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"I dream that our hospital resembles Disneyland": Anastasia Maherramova, press secretary at Okhmatdyt Children's Hospital in Kyiv, in an interview with Vogue


Since February 24, 2022, publications about Ohmatdyt Children's Hospital in Kyiv have appeared in The Washington Post, The Times, Der Spiegel, on BBC, CNN, ABC News, Fox News, and the Canadian CBC, and in many American, British, French, Polish, Greek, and German media. The hospital's patients appeared everywhere, from Angelina Jolie's Instagram to the front page of The New York Times. The massive public relations effort behind this is led by the press office of the Ohmatdyt National Children's Specialized Hospital and its director Anastasia Maherramova. On the first day of the full-scale invasion, 28-year-old Anastasia came to work with a small yellow suitcase and stayed for two months.

"The more the enemy rages, the stronger the desire to curl your hair and enjoy life despite the missile explosions," says Anastasia Maherramova. Her job is to tell the world how the country's leading children's hospital lives under conditions of martial law. The doctors here rescue young patients with war-related injuries and perform complicated everyday routines: they do surgeries and transplants, treat rare diseases, and save premature babies.

Anastasia's office has everything needed for an extended stay: a change of clothes, a toothbrush, toiletries, a coffee maker, and, of course, a hair curler. She arrived here on February 24 with a miniature yellow suitcase — and stayed on the job for nearly two months. Ohmatdyt became a place of salvation for patients and strength for doctors, nurses, orderlies, administration, technical staff, and their families — all living, working, and hiding from the war here.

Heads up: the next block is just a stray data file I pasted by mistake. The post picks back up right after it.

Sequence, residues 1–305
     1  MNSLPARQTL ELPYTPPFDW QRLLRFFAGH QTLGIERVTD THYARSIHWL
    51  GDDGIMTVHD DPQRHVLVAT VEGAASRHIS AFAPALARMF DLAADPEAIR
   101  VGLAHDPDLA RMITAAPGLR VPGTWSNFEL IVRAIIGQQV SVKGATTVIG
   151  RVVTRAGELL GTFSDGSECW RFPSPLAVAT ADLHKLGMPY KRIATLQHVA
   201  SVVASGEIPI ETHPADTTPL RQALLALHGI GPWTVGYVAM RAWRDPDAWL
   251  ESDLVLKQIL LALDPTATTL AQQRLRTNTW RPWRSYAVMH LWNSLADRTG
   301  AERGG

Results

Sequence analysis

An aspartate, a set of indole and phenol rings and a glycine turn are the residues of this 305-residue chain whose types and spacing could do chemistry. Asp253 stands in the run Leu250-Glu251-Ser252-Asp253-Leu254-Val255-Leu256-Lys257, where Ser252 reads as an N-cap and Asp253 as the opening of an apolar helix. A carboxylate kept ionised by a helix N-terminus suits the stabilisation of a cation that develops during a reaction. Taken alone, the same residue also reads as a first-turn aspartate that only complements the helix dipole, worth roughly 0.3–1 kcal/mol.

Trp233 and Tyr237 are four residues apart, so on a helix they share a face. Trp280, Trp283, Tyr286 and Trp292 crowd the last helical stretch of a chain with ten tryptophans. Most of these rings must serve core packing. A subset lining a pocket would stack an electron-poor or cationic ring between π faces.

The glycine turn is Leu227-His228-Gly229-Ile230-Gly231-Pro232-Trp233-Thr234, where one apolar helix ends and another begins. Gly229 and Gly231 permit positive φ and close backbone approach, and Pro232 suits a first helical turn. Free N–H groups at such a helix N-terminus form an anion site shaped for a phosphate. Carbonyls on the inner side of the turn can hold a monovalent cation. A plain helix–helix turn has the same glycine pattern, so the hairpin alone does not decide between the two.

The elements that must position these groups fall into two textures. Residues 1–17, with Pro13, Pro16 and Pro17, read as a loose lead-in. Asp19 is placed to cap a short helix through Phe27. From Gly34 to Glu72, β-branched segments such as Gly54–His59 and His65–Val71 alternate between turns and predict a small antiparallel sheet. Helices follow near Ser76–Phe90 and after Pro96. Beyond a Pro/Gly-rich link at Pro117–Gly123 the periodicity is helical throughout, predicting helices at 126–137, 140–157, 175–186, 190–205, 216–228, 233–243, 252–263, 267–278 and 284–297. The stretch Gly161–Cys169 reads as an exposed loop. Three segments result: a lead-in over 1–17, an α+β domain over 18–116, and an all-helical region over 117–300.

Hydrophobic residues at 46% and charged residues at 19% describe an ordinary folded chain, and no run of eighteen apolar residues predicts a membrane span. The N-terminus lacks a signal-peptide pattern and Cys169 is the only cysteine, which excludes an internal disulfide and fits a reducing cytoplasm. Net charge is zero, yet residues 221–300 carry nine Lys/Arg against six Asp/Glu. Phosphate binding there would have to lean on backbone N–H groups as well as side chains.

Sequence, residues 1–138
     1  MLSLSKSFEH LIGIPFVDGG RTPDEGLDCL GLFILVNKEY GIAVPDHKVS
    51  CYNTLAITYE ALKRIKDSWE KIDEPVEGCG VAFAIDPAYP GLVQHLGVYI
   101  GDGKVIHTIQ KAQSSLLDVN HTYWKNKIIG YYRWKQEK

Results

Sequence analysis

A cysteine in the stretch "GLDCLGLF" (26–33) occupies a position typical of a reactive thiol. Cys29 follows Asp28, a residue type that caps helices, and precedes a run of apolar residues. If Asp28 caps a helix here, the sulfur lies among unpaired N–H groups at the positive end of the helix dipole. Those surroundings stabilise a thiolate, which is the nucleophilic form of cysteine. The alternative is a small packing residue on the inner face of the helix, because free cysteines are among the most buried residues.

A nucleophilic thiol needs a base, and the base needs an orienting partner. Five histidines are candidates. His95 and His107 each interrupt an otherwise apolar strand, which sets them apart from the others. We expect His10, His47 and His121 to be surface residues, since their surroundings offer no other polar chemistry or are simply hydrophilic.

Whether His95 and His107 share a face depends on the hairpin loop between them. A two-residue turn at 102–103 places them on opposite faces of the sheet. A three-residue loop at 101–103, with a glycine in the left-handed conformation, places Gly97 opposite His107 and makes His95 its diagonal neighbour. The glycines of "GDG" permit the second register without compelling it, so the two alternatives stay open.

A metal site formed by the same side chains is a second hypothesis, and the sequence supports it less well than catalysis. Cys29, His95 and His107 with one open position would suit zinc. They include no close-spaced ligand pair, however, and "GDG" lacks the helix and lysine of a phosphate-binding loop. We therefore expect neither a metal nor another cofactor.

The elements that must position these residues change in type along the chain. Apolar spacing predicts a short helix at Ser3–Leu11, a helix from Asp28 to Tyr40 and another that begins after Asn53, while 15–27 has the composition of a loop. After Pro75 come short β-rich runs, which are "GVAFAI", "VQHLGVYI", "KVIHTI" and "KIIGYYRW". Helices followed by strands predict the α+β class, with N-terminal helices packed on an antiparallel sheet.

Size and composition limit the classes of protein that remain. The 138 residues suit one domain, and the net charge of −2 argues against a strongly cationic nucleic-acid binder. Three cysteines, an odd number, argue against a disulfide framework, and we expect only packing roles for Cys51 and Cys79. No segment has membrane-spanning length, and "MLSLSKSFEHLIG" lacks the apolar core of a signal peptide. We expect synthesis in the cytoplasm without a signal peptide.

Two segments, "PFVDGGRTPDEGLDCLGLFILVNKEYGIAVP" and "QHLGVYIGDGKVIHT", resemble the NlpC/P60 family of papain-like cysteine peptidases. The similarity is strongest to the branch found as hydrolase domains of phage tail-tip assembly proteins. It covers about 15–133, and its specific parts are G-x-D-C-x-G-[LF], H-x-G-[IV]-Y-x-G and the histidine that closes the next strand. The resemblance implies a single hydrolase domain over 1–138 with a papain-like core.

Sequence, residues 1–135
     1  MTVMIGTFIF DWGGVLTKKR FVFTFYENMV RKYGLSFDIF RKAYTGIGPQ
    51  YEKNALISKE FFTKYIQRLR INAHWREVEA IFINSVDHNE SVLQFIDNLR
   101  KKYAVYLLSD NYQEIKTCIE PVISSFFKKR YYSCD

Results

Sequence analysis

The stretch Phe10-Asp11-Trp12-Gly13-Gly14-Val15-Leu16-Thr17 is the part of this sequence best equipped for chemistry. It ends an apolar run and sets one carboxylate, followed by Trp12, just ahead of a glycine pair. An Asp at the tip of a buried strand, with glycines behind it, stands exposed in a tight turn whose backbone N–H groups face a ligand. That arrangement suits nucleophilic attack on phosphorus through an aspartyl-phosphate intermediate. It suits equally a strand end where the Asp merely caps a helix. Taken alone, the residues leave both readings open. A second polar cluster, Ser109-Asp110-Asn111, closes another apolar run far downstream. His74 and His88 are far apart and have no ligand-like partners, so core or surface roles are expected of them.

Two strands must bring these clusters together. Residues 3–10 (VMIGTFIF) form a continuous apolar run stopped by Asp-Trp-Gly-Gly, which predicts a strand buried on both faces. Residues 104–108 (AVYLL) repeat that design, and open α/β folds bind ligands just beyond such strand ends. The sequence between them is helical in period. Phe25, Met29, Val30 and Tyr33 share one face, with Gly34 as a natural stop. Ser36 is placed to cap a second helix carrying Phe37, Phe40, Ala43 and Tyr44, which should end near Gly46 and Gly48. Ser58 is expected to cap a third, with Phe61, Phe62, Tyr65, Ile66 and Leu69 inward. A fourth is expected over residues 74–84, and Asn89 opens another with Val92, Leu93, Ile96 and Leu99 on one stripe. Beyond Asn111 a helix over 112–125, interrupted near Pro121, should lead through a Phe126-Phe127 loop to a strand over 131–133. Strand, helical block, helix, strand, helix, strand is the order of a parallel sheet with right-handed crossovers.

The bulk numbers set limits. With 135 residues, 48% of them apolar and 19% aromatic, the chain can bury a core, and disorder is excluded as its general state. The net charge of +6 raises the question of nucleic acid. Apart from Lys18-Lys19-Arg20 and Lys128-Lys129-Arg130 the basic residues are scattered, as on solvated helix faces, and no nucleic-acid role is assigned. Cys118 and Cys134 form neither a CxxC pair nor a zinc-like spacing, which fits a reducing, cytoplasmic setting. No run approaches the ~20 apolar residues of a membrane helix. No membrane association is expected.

Some slept on mattresses in the radiology center on the first level below ground, others in their offices or spare wards since most patients stayed in the bomb shelters all the time. Work did not stand still for a minute, even during air-raid alarms. In the first days of the war, surgeons worked in an old building, in the operating rooms with large windows. The doctors say that the shelling was so loud that nurse anesthetists sometimes squatted next to the anesthesia machines. Later, the surgery departments moved to a new building with safe, windowless operating rooms.

All the while, Anastasia was giving statements to the world’s media, receiving journalists, filming, appearing on live broadcasts, meeting ambulances with injured and sometimes, unfortunately, dead children — and recording everything that was happening around her with her colleague Lidia Dmytrashko. In Nastya's phone, there are about 40,000 photos ("And I just did a clean-up," she says), all methodically arranged in folders: here is a report with an American journalist Juan Diego Arredondo who was wounded in Irpin; here is 14-year-old Yura whose father was shot in front of him in Bucha and who miraculously survived, having suffered two bullet wounds; here is a photo of 7-year-old Varia who had her parents' phone numbers scribbled on her arm in case something happened during the evacuation.